On April 6, 2000 at the Air Canada Centre in Toronto, Canada, Margaret won the IWBF World Flyweight title by unanimous (99-91, 99-91, 96-95) decision after a toe to toe ten-round battle with Spokane, Washington's Para Draine, a former holder of the IWBF belt. Draine and Sidoroff traded punishing shots all night in a battle that had the fans on their feet several times. Sidoroff was cut on top of her head by an accidental bump of heads in the seventh, a round that produced some of the fight's best action. Sidoroff finished strongly as usual, working the taller Draine relentlessly with head-body combinations in the ninth after Draine had shown signs of turning the fight her way in the eighth.

"I got hit a little bit but when you're in there the adrenaline is flowing, you don't really feel it much," said Sidoroff. "Tomorrow I'm sure I'll feel the cut on my head but right now I feel too good to feel anything." The new two-belt champion came to the Women's Boxing Forum and also wrote to me after she got home to Windsor (read her full post-fight comments here).

Women's boxing was also the winner as this fight was the high point of a four-fight card before 3,500 fans. Sidoroff was now 8-0 and appeared to be running out of opponents who could test her and were willing to step into the ring with her. Draine, who fell to 10-4 with this loss, continued to impress with her willingness to take on tough opponents, going on to defeat Marilyn Salcido and Bridgett Riley in 2002.

Margaret fought to a draw with Wendy Rodriguez
Copyrighted photo taken by Sandy Goldberg

On October 28, 2000 at Miccosukee Indian Gaming in Miami, Florida, the IBA Junior Flyweight title went unclaimed when Margaret, weighing in at 108 lbs and Wendy Rodriguez (also 108 lbs) from Los Angeles, California fought to a 10-round draw. The scorecards were 95-95, 96-94 Rodriguez, and 96-94 Sidoroff. USA, The smaller Rodriguez countered Sidoroff's size and experience edge by tying her up and back-pedaling in the early rounds, then finished strongly in the last three rounds to keep it close. Sidoroff said in a post-fight interview that she felt she had done enough for the win, but that she also realized that she should have done more to ensure the win against the crafty Rodriguez. Sidoroff moved her pro record to 8-0-1, while Rodriguez was 3-1-2.

On the evening after the fight, Margaret wrote a letter to my web site explaining that she had decided to retire from competition before this fight, and would now become a boxing coach.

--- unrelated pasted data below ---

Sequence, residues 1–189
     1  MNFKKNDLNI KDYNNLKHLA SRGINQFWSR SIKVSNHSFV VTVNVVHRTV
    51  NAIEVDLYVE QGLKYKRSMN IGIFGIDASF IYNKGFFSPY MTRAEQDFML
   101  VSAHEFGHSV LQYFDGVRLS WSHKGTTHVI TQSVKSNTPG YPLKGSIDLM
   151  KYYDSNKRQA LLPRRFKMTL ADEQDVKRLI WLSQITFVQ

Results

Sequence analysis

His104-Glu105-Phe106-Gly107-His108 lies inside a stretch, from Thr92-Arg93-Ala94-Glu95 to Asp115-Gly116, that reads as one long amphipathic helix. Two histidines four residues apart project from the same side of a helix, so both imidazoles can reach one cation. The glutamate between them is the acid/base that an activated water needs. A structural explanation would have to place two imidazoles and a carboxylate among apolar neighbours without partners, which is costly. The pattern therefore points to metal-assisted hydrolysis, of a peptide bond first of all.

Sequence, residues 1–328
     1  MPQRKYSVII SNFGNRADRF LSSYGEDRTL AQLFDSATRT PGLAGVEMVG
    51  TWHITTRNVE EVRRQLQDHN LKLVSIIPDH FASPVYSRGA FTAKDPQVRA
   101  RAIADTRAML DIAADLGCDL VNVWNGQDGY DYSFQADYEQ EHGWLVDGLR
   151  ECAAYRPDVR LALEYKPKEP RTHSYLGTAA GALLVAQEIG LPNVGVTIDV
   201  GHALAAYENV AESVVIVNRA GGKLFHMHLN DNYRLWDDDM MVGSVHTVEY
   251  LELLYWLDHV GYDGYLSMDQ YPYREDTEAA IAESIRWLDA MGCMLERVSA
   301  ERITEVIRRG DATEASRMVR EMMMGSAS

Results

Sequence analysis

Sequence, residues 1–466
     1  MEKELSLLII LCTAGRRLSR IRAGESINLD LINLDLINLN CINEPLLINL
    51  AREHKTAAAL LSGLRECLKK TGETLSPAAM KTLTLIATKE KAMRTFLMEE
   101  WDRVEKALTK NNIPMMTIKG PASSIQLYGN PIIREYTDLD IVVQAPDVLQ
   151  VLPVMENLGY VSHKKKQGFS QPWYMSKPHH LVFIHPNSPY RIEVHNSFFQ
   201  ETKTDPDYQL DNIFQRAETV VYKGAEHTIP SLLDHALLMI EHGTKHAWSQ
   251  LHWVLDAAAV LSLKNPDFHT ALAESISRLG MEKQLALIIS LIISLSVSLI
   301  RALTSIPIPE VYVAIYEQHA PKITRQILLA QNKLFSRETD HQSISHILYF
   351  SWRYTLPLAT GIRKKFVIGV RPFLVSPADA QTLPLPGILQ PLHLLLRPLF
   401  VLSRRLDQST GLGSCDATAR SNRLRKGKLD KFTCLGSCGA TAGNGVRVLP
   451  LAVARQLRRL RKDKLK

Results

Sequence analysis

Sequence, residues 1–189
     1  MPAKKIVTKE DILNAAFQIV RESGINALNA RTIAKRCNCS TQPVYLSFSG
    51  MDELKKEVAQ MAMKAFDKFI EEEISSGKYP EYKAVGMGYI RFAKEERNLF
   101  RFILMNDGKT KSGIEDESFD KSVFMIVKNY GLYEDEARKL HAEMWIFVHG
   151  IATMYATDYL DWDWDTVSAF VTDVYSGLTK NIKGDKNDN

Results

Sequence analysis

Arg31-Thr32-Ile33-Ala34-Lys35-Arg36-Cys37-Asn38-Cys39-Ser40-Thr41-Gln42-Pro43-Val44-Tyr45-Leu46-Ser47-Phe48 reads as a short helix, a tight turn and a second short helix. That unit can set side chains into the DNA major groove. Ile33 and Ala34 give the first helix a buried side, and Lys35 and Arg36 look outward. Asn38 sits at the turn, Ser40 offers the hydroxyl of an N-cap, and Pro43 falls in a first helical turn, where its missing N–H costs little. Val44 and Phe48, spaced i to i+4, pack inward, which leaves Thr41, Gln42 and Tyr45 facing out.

Margaret's pro career was all too short for her fans, but it will be hard to surpass as an example of sportsmanship and excellence.  Five of her nine pro bouts were 10-round title fights, and she took home three world titles. She is "Mean" only by nickname, was quick to praise and respect her opponents, and was gracious in victory in a sport that sometimes lacks that quality. She got to the top quickly, but by dint of hard work and a willingness to take on the best early in her pro career, after thoroughly mastering boxing technique as an amateur.  In a sport that has more than its share of protected pretenders, Sidoroff was the "real deal", unafraid to take on the best to prove that she was the best.

In a November 1999 interview with Canada's Standing Eight boxing website, Margaret spoke out against male-female boxing and the infamous Loi Chow vs. Margaret McGregor fight that took place that month in a blaze of worldwide publicity of the sort that few female pro boxing bouts have ever attracted. She told Standing Eight's Angelo Mangiacasale: "I don't think it is proving anything, except that a skilled female fighter can beat a male bum. I don't think the outcome would have been the same if she (McGregor) was fighting a male fighter of equal caliber. I mean if I go in the ring with Eric Morales, I may last 30 seconds. Biologically women cannot compete with men of the same caliber."

Margaret lives in Windsor, Ontario and her club is the Border City Boxing Club.  She is now married to her former trainer Josh Canty.

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Page last updated: Friday, 06 November 2015